Food is deeply engrained as a basic human need, and also a source of great pleasure. It is central to the very notion of what it means to be “alive.” Consuming the food of one’s desire and having choice could be seen as an indicator of individual liberties and rights, and people tend to be sensitive about comments on food choices. People become very focused on individual food choices, but it is also important to consider food production and the impact that this has on the climate and therefore human health.
At a global and national level, debate tends to focus on food production because of the projected increase in the worlds’ population, which is expected to cross 9 billion in the next thirty years, alongside an increase in per capita demand (Whitmee et al., 2014). Over the past few decades, there have been significant shifts both in the way we produce food, and what we eat. The production of food has shifted from being labour and farm input intensive to machine and chemical intensive. Simultaneously, there has been a great increase in the proportion of processed foods as part of our diet and a great reduction in the diversity of food sources. The same food is being processed in many different ways, which gives a false impression of diversity (Pollan, 2006).
The widely acclaimed and discussed Planetary Boundaries framework (Steffen et al., 2015) lays out the key entities and processes, which together define the integrity of global and regional ecology. Transgressing these would compromise the stability of earth’s life-sustaining systems. Most (if not all) of these boundaries are associated with food systems. The obvious one is land system change, where forests have been cleared for plantations (UNEP, 2011) or for industrial livestock production (FAO, 2006), as can be seen contemporarily and most dramatically in Indonesia and South America respectively.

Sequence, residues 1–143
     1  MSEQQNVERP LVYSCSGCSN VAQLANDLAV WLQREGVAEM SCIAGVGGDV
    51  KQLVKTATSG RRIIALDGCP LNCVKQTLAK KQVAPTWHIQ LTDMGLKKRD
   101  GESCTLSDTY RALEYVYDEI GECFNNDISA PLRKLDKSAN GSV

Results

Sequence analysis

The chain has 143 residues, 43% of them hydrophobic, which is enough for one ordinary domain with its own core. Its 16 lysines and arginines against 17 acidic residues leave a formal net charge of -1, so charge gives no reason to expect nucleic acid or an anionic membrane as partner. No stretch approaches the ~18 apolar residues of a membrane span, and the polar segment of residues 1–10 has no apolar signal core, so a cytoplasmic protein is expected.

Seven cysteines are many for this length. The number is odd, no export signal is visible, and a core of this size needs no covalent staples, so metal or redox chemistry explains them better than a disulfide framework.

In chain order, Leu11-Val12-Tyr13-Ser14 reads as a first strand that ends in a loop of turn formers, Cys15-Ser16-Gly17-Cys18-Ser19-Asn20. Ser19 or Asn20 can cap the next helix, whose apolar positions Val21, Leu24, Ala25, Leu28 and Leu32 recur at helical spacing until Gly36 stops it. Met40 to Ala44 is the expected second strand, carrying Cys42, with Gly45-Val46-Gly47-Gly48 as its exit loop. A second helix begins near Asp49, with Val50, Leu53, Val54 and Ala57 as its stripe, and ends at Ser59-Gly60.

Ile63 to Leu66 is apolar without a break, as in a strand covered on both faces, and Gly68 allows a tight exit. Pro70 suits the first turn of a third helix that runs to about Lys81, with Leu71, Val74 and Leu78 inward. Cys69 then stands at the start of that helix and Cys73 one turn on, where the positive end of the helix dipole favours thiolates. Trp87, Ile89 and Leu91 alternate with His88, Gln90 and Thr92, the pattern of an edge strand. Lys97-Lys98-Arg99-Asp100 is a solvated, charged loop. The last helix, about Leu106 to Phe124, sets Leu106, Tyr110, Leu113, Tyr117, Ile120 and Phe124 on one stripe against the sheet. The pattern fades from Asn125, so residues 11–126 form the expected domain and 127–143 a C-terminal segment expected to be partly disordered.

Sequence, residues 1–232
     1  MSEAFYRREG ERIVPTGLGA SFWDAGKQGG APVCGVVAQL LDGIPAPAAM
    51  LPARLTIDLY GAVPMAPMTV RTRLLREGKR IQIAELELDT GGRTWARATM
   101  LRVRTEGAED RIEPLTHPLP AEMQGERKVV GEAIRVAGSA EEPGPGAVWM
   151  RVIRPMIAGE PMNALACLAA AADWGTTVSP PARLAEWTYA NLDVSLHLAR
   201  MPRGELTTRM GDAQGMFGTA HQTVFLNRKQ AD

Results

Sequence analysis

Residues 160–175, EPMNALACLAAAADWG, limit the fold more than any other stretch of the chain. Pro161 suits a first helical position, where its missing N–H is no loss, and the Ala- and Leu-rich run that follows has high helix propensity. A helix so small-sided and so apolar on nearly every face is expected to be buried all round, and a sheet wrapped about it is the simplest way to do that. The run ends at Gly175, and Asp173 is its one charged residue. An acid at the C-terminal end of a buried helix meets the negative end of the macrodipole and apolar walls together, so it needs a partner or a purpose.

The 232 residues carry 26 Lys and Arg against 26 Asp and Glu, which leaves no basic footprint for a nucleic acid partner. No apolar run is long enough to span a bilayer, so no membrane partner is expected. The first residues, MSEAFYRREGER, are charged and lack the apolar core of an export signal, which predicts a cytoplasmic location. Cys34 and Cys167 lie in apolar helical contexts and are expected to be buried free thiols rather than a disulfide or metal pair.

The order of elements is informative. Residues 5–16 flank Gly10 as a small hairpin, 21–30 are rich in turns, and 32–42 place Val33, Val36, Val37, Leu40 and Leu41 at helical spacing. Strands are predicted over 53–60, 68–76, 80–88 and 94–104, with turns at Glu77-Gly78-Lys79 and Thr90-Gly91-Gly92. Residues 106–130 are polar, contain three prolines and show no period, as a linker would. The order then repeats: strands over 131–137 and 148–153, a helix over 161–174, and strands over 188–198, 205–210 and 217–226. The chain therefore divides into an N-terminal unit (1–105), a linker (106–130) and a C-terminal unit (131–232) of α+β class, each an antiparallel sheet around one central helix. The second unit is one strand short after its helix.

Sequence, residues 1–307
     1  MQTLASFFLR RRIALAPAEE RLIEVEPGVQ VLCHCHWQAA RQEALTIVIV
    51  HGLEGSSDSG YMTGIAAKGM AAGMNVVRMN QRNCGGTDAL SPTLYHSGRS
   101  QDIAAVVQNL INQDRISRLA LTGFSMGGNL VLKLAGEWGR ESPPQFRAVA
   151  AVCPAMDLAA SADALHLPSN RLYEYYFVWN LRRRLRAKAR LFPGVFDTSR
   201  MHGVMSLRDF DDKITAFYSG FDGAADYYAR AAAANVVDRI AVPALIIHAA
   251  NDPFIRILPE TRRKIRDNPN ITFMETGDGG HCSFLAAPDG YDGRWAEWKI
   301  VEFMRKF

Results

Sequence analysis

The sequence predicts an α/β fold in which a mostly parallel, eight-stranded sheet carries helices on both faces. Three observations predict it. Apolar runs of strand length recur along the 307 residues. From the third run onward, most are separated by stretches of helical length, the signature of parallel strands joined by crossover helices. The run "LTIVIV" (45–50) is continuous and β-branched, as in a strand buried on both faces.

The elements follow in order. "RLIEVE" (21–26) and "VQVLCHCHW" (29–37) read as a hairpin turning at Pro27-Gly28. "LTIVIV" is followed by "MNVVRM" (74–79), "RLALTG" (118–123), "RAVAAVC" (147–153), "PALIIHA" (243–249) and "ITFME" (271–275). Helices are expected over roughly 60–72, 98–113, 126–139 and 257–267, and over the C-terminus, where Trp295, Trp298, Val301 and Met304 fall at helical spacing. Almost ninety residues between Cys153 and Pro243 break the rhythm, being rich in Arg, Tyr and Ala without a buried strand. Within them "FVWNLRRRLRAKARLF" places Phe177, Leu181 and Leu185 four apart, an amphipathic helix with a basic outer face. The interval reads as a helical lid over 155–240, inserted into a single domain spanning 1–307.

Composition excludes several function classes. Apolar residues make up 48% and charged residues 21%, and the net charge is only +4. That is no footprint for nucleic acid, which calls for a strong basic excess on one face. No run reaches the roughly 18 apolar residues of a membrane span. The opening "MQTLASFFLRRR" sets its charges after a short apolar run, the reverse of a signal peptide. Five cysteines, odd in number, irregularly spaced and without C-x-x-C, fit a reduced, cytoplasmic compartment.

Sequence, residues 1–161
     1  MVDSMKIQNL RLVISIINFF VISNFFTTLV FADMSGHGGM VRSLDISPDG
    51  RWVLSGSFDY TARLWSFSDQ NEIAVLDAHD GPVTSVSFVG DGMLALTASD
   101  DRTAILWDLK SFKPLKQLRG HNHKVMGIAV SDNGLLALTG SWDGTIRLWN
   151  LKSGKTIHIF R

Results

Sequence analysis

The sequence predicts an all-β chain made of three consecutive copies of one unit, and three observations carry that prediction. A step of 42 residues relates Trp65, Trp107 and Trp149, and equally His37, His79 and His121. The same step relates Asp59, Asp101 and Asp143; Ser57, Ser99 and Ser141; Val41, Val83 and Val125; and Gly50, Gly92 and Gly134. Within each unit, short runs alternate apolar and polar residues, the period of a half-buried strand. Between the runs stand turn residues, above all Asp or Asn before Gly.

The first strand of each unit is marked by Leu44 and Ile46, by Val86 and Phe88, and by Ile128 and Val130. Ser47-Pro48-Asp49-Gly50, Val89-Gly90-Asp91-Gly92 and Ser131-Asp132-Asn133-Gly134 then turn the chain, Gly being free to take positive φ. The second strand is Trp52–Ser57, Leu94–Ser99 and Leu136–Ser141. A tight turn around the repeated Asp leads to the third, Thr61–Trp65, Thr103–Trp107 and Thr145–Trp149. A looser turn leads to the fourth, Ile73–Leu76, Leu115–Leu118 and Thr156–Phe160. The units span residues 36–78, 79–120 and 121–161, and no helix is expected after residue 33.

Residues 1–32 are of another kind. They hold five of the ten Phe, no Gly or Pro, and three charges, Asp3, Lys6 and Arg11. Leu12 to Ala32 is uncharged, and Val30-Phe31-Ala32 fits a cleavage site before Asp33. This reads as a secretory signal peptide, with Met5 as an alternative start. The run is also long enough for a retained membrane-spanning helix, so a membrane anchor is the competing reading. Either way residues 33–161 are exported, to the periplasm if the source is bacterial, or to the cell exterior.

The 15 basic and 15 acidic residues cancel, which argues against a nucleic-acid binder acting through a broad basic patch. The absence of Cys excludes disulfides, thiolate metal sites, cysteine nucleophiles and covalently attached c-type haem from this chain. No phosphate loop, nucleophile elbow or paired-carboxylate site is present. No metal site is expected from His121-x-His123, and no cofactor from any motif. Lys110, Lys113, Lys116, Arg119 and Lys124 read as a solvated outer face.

Biogeochemical flows (the cycle of minerals such as nitrogen and phosphorus in the air, water, land, and living things) are also primarily linked with agriculture—both nitrogen and phosphorus are key components of chemical fertilisers. Fertiliser residues are washed into waterways which creates havoc in aquatic ecosystems due to algal blooms, as was recently seen in Florida last summer (Tan, 2016).
Similarly, the novel entities boundary (which includes synthetic chemicals, nanomaterials and GMOs) is impacted by pesticides and plastics used to grow and pack food, respectively; while the biospheric integrity boundary is significantly affected by food systems related activities such as over-fishing, deforestation, pesticide use, and homogenisation of agriculture. Food systems are also a key contributor to greenhouse gases, along with burning of fossil fuels (IPCC, 2014). The consequent climate change (another boundary), in turn affects several other planetary boundaries, and has been defined as the greatest global health challenge of this century (Costello et al., 2009).
Transforming food systems may appear impossible in the short term, but it is possible in the medium and long term, if existing good practices are built on. Some groups are addressing the large disconnect between producers and consumers, and such efforts increase respect and income for the farming community, and the health of consumers. The health sector should recognise the planetary health dimensions of nutritional choices, and identify and promote foods and systems that contribute both to human and planetary health. While the close cultural, political, and personal associations with food make it a sensitive discussion topic, it is essential that we discuss our food and food systems. It is high time we take the next step as a public health community.
Adithya Pradyumna is co-convenor at the Society for Community Health Awareness, Research and Action (SOCHARA), Bangalore, India. His work is in the area of environmental and health.
Competing interests: None declared.
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